Author Guest Post: M.J Lee

Fun times fun times fun times.

Today I bring you a rare thing: A POST ON A FRIDAY, which is allowed because, and this is where it gets fun, IT'S NOT MY POST.

Well, this bit is, this little intro, but the actual post is actually from M.J Lee, author of Where the Truth Lies (published by Canelo on October 22nd) who has stopped by to offer up some top tips on how to write crime fiction, which I for one am very excited about because I read Where the Truth Lies and I really liked it and I feel like Mr. Lee is qualified to give a how-to. He obviously knows his stuff. I'm super grateful to him for stopping by and I hope you all like this little insight into the mind of a crime writer!!

Before I hand over to him though, I just want to tell you a teeny little bit about the book in case you are on the hunt for a new thriller for these long winter nights, mostly because why would you not be on the hunt for a new thriller for these long winter nights and if you are then this could solve all your problems,

The case was closed. Until people started dying… 
The unputdownable first DI Ridpath crime thriller from bestseller MJ Lee 
A killer in total control. A detective on the edge. A mystery that HAS to be solved.
DI Thomas Ridpath was on the up in the Manchester CID: a promising young detective
whose first case involved capturing a notorious serial killer. But ten years later he’s
recovering from a serious illness and on the brink of being forced out of the police. Then
people start dying: tortured, murdered, in an uncanny echo of Ridpath’s first case.
As the investigation intensifies, old bodies go missing, records can’t be found and the
murder count grows. Caught in a turf war between the police and the coroner’s office,
digging up skeletons some would rather forget, Ridpath is caught in a race against time: a
race to save his career, his marriage… And lives.
When a detective goes missing everything is on the line. Can Ridpath close the case and
save his colleague?

Sounds good, am I right?


I turned to crime about three years ago.
Luckily, I haven’t been caught yet. Here are the basics of crime writing that have helped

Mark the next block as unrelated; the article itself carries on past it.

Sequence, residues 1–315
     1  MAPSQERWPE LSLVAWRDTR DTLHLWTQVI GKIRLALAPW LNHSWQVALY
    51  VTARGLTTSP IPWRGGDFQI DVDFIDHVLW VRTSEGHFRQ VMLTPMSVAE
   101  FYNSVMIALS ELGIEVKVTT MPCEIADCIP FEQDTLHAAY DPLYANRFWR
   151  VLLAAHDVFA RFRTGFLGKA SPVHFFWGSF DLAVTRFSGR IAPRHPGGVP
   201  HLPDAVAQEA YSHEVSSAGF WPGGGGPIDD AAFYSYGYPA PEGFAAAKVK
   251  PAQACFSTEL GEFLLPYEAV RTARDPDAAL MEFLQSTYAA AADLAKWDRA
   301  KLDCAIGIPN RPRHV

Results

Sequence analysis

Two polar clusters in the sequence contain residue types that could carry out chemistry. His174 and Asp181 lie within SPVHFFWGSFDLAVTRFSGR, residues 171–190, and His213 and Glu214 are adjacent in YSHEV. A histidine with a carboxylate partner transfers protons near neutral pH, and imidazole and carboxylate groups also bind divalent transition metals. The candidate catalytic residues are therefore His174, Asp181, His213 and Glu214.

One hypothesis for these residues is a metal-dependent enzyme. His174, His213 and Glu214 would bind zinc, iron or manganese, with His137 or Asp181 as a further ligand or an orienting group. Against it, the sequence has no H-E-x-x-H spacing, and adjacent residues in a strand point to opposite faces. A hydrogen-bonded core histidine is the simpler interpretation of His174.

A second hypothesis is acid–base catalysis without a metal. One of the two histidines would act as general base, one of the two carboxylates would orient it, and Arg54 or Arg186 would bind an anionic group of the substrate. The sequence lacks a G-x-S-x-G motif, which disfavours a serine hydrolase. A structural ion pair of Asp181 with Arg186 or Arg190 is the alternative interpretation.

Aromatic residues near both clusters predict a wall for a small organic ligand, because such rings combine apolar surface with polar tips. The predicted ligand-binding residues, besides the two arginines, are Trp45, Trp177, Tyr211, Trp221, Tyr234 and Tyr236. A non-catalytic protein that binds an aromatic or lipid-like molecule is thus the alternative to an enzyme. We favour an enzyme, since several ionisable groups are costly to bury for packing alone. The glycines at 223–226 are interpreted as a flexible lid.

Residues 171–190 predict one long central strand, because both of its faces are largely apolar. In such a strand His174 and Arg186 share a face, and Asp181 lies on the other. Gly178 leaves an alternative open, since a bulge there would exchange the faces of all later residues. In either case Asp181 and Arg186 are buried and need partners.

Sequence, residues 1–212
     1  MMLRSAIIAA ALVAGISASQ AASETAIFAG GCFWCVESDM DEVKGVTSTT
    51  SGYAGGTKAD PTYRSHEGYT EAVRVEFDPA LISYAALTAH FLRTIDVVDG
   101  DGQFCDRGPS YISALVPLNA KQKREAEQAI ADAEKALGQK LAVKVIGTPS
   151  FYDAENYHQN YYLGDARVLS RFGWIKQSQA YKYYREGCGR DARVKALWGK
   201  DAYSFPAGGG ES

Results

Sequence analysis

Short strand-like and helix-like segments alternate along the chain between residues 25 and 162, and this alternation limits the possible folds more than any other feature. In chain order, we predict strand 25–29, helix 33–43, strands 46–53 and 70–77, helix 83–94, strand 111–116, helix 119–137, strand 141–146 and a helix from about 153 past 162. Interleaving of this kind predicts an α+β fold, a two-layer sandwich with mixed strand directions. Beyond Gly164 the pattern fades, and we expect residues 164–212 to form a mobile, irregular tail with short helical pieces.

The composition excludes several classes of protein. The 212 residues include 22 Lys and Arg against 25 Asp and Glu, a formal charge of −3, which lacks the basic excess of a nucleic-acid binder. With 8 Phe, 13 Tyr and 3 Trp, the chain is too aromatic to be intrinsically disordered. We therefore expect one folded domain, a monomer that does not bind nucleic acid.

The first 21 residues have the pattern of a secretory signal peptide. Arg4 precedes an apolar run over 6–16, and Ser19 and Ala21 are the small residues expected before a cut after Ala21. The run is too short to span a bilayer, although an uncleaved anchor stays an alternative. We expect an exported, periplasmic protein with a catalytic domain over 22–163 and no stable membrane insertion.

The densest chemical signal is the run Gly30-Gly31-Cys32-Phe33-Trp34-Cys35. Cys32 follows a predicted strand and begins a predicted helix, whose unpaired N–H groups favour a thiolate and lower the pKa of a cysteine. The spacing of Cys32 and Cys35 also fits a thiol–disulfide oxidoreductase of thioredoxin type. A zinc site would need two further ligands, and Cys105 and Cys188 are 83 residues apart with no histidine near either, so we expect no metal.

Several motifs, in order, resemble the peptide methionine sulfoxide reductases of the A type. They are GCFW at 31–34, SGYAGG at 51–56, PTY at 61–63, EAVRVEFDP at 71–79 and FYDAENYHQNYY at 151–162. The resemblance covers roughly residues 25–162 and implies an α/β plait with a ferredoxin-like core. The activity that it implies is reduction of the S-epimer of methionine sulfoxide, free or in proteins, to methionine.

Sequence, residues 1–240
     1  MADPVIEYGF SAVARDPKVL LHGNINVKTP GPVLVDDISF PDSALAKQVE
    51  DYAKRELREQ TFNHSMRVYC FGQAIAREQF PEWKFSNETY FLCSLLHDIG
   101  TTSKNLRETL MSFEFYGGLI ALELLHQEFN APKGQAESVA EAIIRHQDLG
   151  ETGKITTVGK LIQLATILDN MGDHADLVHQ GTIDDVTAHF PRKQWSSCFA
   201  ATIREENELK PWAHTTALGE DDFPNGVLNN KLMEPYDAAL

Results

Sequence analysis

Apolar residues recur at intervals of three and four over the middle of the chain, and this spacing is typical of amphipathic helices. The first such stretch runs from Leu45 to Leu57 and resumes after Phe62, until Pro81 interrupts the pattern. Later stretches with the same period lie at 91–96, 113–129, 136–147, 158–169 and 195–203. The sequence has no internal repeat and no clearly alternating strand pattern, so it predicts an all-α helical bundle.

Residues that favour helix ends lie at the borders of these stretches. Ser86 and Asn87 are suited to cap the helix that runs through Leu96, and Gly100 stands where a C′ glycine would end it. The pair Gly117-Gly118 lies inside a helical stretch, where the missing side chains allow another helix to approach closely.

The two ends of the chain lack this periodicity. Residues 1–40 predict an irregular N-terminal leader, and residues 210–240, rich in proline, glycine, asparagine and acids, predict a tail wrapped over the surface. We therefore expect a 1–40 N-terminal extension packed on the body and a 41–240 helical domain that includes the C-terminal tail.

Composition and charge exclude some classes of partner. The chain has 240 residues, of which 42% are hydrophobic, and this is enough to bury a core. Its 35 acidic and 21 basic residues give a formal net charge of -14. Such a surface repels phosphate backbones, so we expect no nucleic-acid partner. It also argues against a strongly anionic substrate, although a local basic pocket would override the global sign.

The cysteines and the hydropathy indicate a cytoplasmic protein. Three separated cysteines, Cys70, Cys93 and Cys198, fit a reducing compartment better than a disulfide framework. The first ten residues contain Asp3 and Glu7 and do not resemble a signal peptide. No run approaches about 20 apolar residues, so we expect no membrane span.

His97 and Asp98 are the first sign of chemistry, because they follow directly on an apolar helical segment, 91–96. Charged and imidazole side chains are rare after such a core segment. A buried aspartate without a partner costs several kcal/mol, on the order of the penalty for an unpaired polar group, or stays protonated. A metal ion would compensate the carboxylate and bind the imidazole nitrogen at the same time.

me stay out of the long reach of the law.
You need a crime. Pretty basic, I know. It could be any crime but the best is a nice, juicy murder, red in tooth and claw. Something for the reader to get their teeth, and their imagination, into.
2. You need a likeable criminal.
It sounds strange but if your criminal is totally evil, he becomes one dimensional. Readers like to empathise with characters, even killers. Hannibal Lector is the classic example of a truly evil man with whom one can imagine having a very pleasant dinner, including a bottle of Chianti and fava beans. I would avoid the liver though. 
3. You need a hunter.
Crime novels often take one of the oldest themes known to man; the idea of the quest.
Somebody has to want to bring your killer to justice. Remember ‘The Fugitive’. How many years was Dr Richard Kimble on the run? 
4. You need motives.
Why is your killer killing people? Does he take pleasure from it? Is he seeking revenge?
Or justice? Or money? Or just company? Murderers always have a reason. I spend a lot of time working out why my killer is killing. Again, it helps readers believe in my characters. 
5. You need to be surprising/original/unexpected/deadly.
Keep people up late at night, turning your pages to find out what happens next. When I’m writing, I always ask myself, what would not happen now? And then I make it happen. Your readers may wake up grumpy and baggy-eyed in the morning, but they will feel much better. 
6. You need to know forensics, poisons, weapons, police procedures.
It’s the CSI effect. Unless you get these details right, your reader will not believe you. I
took university courses to get to know how police forces and forensics teams work. And I never stop learning. My latest is the effect of cold on the human body. Did you know your corneas can freeze? Now, there’s the start of a novel. 
7. Lastly, you need to want to live crime.
Because you are going to be in the murderer’s head for a lot of the time. Or surrounded by the stench of death. Or stepping in blood. Or strangling a victim, living the moment through their eyes of those and of the killer.You need to want to spend time in those places.
Which sounds a bit strange, but is actually an amazing journey to take one’s mind.